Britain’s two biggest parties Conservative and Labour, suffered big losses in Thursday’s local elections in England and Northern Ireland, according to partial results from the BBC.
A BBC tally showed on Friday morning, the Conservative party had lost 500 councillors, while the Labour Party had lost 77.
Anger over Brexit appears to be influencing voters, say experts and the turnout and exit polls suggest that voters registered there disappointment and disapproval of there stance on Brexit by the voting for ‘someone else’.
Some Labour MP’s have suggested local councillors have suffered major losses because of there stance on a second referendum.
The biggest winners were the Liberal Democrats who had gained 249 councillors at the time of writing. Independent candidates gained 188 councillors and the Greens won 34 seats.
Paul Scully, the Conservative Party’s vice-chairman for London, denies that the local elections are a verdict on Brexit and voters registered a “protest vote” and blamed the loss of hundreds of “hard-working” Tory councillors on Westminster, where there are too many politicians “who are just interested in theory rather than pragmatism and what’s best for the country”.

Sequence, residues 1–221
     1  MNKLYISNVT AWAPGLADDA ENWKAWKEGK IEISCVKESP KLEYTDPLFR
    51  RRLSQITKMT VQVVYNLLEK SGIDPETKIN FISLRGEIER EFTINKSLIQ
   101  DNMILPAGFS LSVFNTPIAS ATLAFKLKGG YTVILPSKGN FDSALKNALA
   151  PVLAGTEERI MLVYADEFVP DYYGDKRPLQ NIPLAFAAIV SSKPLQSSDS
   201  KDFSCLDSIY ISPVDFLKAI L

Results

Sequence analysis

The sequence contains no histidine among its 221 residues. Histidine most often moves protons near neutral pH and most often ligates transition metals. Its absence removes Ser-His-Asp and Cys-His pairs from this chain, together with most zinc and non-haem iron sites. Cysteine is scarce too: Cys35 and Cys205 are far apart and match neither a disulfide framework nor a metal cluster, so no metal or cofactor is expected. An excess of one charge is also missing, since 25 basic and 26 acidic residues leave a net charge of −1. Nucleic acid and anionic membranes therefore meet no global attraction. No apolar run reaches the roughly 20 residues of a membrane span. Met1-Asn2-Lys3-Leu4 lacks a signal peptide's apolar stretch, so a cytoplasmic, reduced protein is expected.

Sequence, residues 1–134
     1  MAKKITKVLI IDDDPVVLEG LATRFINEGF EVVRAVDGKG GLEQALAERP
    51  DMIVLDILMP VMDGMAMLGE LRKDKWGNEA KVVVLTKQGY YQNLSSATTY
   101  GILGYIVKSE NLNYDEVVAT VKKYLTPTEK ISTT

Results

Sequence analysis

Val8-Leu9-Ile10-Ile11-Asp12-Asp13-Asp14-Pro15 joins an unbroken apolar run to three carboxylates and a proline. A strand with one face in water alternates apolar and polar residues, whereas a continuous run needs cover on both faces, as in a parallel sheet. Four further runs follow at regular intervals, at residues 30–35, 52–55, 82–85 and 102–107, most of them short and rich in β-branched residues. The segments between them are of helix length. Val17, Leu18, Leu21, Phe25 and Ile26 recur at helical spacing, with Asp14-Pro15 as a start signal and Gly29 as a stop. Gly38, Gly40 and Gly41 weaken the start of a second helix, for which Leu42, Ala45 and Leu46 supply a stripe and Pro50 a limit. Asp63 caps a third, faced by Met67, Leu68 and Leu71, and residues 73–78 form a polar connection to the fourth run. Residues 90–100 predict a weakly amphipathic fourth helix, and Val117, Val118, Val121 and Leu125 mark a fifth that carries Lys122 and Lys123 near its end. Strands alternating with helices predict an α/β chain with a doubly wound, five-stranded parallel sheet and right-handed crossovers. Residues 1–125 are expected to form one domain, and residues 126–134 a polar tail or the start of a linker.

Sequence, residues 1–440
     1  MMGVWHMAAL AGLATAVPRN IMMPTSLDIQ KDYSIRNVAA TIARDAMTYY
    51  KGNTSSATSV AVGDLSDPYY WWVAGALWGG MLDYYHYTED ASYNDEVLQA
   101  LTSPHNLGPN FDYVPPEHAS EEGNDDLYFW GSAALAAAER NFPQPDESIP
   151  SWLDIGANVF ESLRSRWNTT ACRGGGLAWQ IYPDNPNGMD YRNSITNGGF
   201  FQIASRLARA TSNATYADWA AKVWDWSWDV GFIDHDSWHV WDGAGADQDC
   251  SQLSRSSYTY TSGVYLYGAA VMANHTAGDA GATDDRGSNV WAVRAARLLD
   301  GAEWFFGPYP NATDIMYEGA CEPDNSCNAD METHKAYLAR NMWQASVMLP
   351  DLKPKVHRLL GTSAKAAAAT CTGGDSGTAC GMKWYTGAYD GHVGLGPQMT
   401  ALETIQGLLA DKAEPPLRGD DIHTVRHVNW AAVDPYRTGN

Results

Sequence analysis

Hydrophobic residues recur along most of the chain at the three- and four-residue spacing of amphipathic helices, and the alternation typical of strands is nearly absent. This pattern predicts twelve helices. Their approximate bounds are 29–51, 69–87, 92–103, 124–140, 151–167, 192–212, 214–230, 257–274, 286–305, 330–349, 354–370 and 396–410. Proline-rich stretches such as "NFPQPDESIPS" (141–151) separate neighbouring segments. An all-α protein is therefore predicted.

John Curtice, a British poll expert told the BBC: “We knew that voters were unhappy with the way that the Conservatives had handled Brexit but looks as though they are also unhappy with Labour’s response to the government’s position on Brexit.”
“The hold of the Conservative and Labour parties on the British electorate is frankly looking now as weak as it has done at any point in post-war British politics,” he added.
Conservative councillors have criticised Theresa May after losing hundreds of seats in the local elections.
A council leader who lost his majority said the prime minister should “consider her position” and others said they made gains “despite” the government.